In theory, in the US, as soon as the FDA approves a drug for sale it is made available to patients. Spinraza was approved by the FDA in December 2016. In practice, most insurance companies have a ‘prior authorization’ list for expensive or potentially risky drugs. For each treatment, the list stipulates a range of conditions that must be met before it is released for a particular patient. Spinraza is on every insurance company’s prior authorization list. Of course, access to healthcare in the US also depends on being able to afford medical insurance. In 2017, 12.2% of Americans were uninsured, and the US remains the only industrialised nation without universal healthcare coverage.
By contrast, in England, healthcare is available to everyone, free at the point of use, and largely paid for by general taxation. The European Medicines Agency (EMA) and the Medicines and Healthcare Products Regulatory Agency are responsible for approving the safety and efficacy of drugs in England. In May 2017, the EMA approved Spinraza for use. However, since the NHS has only a limited budget, it is not able to sanction every new treatment that comes on the market. Decisions taken one way or another might, for example, lead to cuts in social care provision, lack of diagnostic or treatment equipment for cancer patients, or understaffing of neonatal care units. The National Institute for Clinical Healthcare Excellence (NICE) is the body responsible for making these tough choices. When it comes to drugs, there is a well-established formula by which NICE ensures that its decisions are objective.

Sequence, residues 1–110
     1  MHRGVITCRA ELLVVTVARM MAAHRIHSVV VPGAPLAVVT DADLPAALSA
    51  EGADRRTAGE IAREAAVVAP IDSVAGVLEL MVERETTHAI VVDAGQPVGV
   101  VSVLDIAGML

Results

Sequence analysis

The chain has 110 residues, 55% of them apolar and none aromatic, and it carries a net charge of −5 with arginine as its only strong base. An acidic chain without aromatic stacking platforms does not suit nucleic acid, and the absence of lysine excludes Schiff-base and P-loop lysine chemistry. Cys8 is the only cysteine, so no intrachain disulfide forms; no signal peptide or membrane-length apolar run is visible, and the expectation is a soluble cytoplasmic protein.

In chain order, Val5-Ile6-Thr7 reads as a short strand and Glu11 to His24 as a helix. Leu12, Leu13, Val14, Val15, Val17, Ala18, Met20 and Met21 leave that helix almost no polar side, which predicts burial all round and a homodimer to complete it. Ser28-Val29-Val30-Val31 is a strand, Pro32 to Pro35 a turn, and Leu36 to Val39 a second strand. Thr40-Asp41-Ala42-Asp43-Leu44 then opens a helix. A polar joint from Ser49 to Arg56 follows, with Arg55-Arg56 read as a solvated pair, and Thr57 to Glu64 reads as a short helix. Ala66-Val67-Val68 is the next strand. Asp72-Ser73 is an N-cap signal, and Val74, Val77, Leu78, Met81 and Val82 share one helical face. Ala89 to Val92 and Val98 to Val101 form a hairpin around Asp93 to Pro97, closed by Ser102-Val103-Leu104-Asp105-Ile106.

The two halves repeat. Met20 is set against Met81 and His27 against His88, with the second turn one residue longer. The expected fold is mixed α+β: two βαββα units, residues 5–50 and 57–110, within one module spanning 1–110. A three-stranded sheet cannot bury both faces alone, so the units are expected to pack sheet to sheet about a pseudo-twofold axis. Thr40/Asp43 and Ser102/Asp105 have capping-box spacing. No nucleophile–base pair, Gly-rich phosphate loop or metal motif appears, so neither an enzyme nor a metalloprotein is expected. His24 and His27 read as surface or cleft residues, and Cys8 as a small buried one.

The God equation attempts to balance how much extra ‘health benefit’ a drug gives to a patient against how much extra the NHS is being asked to pay for it. Assessing the former is a difficult task. How can one compare the advantages of a drug that reduces the incidence of heart disease, for example, against the benefits of a drug that prolongs the life of a cancer patient?